Keep it simple. Remember your company mission statement. If you live the principles of that mission statement and closely guide your company from that philosophy consistently, no one can ever ask you a question can not answer; no outside force will ever prompt you into an action that is in opposition to it.
If you ever find yourself or your company off track, go back to your mission statement. Your mission statement is the message you give to your communications department and that becomes the basis of their PR and Marketing Plan. It's the same conversation you have with your employees and that becomes how they speak about the company for which they work.
The company's vision and core values are always at the forefront of each level of communications. It's the position you take with your clients and that position becomes your promise to them.
There's nothing more distasteful and inauthentic than a CEO who first respond to a media crisis is making excuses. Always remember, when it comes to PR and reputation, the first line of defense is to live up to the leadership role with which you've been entrusted.
Today's Media Landscape
The biggest change we've seen in today's media landscape in the last couple of years is the speed and ease at which everything becomes public these days. Today, there's no downtime between what we say or do, and when and how it goes public.
- Bloggers exposed Southwest Airlines when the company allegedly refused to let an overweight man with hepatitis C board a flight without he bought two seats-even though he was gaining weight because of the disease and was traveling to a lifesaving operation.
- Bloggers also exposed fake blogs that a prominent PR firm had created to boost the reputation of its client Wal-Mart. The blog was supposedly to be written by real-life fans of Wal-Mart.
- The video showing Taco Bell's rat-infested New York City locale was posted on YouTube within minutes of the story breaking.
- All the political candidates have MySpace pages.
- Search engines such as Google also make it impossible to hide anything because their crawlers are constantly at work, crawling through news stories, blogs and YouTube postings. Bloggers and online writers are also diligent about linking to other relevant sites.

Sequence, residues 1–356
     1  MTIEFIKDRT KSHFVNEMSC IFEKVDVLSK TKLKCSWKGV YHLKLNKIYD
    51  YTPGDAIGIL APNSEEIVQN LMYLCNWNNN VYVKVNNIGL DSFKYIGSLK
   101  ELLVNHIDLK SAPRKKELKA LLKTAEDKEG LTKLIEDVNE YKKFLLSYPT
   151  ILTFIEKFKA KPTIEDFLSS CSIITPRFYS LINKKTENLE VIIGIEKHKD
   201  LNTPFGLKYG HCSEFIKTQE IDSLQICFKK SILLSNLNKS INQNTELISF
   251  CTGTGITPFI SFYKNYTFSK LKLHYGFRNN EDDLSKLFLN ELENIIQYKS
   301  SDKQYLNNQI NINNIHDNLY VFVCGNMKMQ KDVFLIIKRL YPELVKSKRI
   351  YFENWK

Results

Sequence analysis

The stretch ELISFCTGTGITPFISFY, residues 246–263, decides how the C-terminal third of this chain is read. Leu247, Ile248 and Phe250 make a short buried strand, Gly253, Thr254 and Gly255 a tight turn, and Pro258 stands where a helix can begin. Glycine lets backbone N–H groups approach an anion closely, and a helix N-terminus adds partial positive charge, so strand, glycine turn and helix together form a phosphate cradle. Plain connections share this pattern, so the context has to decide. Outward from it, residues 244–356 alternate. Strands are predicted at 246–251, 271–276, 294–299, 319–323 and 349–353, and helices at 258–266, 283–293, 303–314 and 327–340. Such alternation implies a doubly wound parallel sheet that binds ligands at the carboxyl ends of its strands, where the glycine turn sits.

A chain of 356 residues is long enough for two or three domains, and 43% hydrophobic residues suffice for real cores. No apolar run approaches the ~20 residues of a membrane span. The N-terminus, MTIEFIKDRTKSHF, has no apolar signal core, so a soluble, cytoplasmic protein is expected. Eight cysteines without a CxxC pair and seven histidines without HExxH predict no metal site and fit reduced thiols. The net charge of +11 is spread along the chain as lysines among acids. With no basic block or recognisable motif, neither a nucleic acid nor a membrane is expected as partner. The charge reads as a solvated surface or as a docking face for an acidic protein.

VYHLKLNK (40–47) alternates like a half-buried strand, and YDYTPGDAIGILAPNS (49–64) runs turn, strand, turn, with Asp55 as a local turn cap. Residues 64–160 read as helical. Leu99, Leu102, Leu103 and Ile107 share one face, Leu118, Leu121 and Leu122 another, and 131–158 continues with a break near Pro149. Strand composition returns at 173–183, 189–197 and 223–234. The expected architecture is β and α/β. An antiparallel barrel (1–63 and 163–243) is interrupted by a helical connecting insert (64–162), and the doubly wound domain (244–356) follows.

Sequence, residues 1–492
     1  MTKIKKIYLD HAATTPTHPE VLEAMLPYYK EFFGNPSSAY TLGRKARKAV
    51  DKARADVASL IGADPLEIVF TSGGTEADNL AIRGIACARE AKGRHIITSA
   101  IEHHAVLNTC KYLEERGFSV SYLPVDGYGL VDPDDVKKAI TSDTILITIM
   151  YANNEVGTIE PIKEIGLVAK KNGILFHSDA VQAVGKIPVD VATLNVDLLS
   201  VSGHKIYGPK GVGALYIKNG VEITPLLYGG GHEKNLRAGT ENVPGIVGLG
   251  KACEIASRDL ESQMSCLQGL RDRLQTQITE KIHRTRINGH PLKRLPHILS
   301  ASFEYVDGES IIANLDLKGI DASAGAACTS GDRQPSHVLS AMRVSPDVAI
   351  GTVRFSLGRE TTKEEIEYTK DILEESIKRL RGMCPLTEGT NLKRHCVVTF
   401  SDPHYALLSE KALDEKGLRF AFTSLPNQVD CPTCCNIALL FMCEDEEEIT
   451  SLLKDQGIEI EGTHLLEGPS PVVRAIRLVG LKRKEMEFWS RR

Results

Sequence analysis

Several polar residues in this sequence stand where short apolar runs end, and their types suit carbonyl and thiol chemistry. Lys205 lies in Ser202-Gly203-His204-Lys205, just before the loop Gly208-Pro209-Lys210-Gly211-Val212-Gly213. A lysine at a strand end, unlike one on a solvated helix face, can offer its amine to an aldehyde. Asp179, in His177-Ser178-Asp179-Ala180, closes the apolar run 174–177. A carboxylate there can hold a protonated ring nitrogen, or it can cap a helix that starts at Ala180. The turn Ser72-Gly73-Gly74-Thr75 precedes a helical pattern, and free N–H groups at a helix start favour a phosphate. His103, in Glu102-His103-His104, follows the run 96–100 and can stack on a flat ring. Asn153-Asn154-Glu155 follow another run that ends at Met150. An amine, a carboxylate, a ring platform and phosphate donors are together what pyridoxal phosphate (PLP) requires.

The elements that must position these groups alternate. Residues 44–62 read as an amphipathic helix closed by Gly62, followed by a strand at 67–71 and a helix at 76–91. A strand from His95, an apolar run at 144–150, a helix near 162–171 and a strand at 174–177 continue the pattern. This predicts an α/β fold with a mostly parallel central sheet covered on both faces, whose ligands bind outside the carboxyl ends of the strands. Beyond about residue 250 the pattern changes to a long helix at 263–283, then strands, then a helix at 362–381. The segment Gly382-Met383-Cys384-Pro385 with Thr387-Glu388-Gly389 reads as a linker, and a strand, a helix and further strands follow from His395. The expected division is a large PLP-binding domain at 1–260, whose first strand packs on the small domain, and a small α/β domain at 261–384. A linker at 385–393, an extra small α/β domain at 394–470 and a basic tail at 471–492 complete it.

Crisis Management – 8 Tips for Handling a Crisis
Everyone always thinks of reputation when it comes managing a crisis. Let's review a few basics. The speed in which news news and our immediate access to it increases the chances of a CEO having a media crisis on her or his hands.
Here are eight tips for handling these, based on the simple actions.
- Mantra's mantra for crisis management is to tell it all, tell it fast, tell the truth. Otherwise, the crisis and all of its repercussions will continue to damage you and your company's reputation over and over again.
- As mentioned above, information is distributed these days with the speed of light, but some of it is based on hearsay. At times it's almost like the water cooler has exploded onto the Internet, and now people gossip in a more public forum. Your crisis response must address and correct any rumors and hearsay.
- It does not matter what created the company crisis or whether the accusations are true or false, you've got to get front and center ASAP. Address the issue immediately and support your position with visible actions. Make sure your verbal communications and the corresponding actions are positioned in accordance with the company's core values. Remember that mission statement?
- When you are front and center, remember to tell the good news first, followed by the bad news.
- In PR, a distinction is made between "opinion" and "belief." Opinions are easy to change but rarely is there a chance to alter a belief. Approach crisis situations with that in mind. Change public perception while it's still at the opinion level.
- Consider a public forum on your web site, or hang a bulletin board where customers and / or employees can ask questions and submit comments. Starbucks has a section on their Web site where they actually address rumors about the company. By offering a public forum, two positive impressions about your company are made: You are not afraid to draw attention to the fact that rumors are a part of business; and you identify which pieces of information are incorrect and thereby nip rumors in the bud.
- Hidden Agendas. If you've got one, sooner or later you or it will be revealed. The fear that comes from hiding something makes you do everything wrong and sets into motion a series of actions that are very hard to recover from.
- Remember the 55/38/7 Rule developed by Albert Mehrabian: 55% of communication is based on your physical demeanor, 38% is how you sound and only 7% is what you say.
The overriding principle upon which I guide my own business and our client campaigns is that all public relations efforts fall into the category of reputation "management." Every relationship and communication impacts public perception. Strive for clarity, authenticity and consistency. If you lose your way anywhere along the line, go back to the basics.